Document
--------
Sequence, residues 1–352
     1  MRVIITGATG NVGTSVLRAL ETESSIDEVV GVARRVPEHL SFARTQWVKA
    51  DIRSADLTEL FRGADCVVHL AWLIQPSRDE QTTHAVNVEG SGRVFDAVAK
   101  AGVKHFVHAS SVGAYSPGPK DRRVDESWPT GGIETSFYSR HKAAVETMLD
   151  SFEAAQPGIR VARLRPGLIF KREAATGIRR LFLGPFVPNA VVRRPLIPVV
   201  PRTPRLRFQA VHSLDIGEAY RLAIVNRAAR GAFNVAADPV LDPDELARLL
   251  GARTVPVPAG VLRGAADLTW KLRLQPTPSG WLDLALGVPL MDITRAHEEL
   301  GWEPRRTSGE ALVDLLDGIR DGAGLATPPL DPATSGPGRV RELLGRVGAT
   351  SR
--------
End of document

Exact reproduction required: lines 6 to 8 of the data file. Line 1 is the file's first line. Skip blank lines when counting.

   201  PRTPRLRFQA VHSLDIGEAY RLAIVNRAAR GAFNVAADPV LDPDELARLL
   251  GARTVPVPAG VLRGAADLTW KLRLQPTPSG WLDLALGVPL MDITRAHEEL
   301  GWEPRRTSGE ALVDLLDGIR DGAGLATPPL DPATSGPGRV RELLGRVGAT